Photo-Mosaic House

This project involved the renovation and extension of the Victorian home of leading photographer Tony Zara and his partner Phyllis Rossis. The couple wanted a Modern industrial extension, adding a second storey and making use of the existing footprint. Extensive negotiations were required with the local council in order to achieve the stunning result. This is an interior design that is all about frames. The design was conceived as an expression of the couples creativity. Tiles are used extensively and ingeniously in the design. The brick pattern of the glazed tiles is melded into the old wall.

The project won the BUILD magazine award for Best Residential Renovation in 2018.

Glazed tiles were the primary design material. The project also incorporated a hanging stair in timber, steel and glass. Recycled timber was used for floors and the kitchen bar top.


The citation from the Jury is below

Company: One20Group

Award(s): Best Residential Renovation (Victoria): Photo-Mosaic House, Ascot Vale 

”This year’s Architecture Awards have once again cast a spotlight on the exceptional and ground-breaking work undertaken by the world’s leading studios, practices and designers. Your success is an unmistakable achievement, a true testament to your contribution to the industry”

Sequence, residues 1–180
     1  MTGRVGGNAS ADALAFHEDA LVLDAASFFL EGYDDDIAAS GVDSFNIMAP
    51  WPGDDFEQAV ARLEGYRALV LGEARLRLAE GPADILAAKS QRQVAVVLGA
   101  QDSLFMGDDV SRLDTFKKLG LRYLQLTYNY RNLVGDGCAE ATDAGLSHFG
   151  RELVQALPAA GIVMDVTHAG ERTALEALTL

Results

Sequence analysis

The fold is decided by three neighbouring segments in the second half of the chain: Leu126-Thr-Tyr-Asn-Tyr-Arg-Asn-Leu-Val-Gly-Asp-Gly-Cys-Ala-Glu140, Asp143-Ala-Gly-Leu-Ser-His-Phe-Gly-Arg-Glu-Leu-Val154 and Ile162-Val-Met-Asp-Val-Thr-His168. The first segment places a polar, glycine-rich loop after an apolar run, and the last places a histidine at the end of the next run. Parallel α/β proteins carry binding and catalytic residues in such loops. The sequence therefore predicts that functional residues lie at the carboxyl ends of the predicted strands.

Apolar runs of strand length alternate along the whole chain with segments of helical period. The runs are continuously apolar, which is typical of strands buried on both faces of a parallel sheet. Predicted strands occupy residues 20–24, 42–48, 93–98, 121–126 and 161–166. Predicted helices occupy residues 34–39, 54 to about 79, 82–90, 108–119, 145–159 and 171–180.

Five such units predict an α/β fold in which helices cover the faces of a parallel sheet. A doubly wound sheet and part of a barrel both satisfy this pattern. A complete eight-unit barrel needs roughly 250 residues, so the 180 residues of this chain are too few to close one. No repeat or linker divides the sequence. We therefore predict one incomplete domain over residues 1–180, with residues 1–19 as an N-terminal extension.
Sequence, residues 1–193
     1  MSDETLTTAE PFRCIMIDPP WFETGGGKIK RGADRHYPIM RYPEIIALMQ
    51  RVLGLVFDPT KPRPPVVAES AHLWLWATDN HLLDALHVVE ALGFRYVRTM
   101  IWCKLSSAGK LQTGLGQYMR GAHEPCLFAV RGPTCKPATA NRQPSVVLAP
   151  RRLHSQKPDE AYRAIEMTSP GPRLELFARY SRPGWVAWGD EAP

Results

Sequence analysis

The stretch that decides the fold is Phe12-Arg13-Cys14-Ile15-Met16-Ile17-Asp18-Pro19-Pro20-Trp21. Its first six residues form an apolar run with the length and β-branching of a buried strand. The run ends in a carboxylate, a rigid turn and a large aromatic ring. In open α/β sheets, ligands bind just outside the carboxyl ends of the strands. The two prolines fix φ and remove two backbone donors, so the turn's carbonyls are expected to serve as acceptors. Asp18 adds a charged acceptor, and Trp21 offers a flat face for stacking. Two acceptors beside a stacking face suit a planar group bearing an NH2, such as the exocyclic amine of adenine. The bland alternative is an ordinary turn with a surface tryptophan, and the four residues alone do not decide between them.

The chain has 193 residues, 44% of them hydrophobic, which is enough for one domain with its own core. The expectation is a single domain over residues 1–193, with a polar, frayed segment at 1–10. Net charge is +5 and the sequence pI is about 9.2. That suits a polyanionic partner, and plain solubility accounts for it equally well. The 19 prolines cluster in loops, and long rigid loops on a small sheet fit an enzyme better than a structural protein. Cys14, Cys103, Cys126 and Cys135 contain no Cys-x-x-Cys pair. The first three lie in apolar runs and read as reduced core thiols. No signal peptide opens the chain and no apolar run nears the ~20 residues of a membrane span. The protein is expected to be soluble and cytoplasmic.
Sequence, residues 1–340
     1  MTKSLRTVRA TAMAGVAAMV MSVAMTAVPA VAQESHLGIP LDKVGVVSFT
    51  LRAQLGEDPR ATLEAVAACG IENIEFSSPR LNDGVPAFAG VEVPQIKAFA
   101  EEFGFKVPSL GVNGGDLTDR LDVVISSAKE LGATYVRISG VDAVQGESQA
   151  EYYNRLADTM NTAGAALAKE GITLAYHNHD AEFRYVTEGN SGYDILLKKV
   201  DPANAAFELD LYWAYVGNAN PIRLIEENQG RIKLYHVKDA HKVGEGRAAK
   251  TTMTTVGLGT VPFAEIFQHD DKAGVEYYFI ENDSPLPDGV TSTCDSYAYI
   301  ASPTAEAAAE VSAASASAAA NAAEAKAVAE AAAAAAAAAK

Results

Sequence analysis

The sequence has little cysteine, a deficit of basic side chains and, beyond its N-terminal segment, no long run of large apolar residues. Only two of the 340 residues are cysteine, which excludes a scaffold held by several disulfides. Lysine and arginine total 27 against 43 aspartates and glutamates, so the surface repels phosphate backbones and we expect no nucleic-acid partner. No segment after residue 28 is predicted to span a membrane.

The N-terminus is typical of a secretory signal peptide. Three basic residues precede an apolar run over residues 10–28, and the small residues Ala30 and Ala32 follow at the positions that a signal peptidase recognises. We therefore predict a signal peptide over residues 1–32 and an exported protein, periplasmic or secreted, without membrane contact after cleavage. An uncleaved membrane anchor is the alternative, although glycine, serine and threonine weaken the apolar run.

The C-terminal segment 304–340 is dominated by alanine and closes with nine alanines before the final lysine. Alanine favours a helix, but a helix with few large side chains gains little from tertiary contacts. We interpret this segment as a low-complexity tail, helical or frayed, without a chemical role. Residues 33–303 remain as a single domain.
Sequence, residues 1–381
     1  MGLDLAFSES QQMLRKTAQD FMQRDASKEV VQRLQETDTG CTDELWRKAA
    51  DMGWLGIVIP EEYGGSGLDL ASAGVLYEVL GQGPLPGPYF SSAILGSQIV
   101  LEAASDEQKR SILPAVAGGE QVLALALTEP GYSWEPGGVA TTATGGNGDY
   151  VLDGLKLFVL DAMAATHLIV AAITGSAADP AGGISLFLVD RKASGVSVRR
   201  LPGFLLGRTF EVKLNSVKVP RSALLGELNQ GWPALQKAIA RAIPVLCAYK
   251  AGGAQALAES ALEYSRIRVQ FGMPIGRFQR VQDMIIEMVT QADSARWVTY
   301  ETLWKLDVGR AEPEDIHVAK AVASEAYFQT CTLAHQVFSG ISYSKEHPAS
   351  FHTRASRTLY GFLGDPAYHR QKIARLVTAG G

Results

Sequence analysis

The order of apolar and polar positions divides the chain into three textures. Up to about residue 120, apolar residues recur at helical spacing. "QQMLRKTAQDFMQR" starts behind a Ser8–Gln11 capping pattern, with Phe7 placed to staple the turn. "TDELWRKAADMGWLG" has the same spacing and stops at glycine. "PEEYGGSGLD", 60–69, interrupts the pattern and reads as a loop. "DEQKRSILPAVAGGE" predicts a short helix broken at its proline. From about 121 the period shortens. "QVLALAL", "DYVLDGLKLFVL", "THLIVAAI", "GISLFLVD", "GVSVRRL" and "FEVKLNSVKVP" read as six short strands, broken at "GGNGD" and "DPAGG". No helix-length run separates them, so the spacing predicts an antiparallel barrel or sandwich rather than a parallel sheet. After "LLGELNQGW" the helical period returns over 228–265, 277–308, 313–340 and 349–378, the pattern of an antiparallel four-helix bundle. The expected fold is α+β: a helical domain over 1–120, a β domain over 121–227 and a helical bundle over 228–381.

Kitchen showing stitching of brickwork

Kitchen showing stitching of brickwork

This project is about the modular nature of tiles and the views that can be frames by their patterns. Black and white hexagonal tiles were used in the bathroom and laundry to create a random pattern that draws the eye to various focal points. In the living areas the new glazed tiles intersect with the old brick patterns to emphasise the difference between old and new.

This Project was the interior design of a house for a photographer and a mosaic tiler. The design was conceived as a way to frame views and highlight the use of tiles. Glazed tiles were used on the brick walls. The new tiles finger into the old emphasising the juxtaposition of the two.  The building is experienced as a series of framed views. Like a photographer’s portfolio it reveals itself as a series of vignettes.

The challenge was to see how can a 4d object that is viewed and experienced by the body in space and time be broken down into a series of 2d images and experiences.  The old brick walls were built in an irregular pattern with little consistency in the mortar joints. Care needed to be taken in placing the new glazed tiles over these bricks in order to give the impression of the tiles and bricks dovetailing into each other.

Adrian Light, Luca Calvanese and Lorelei LE Berre Soule



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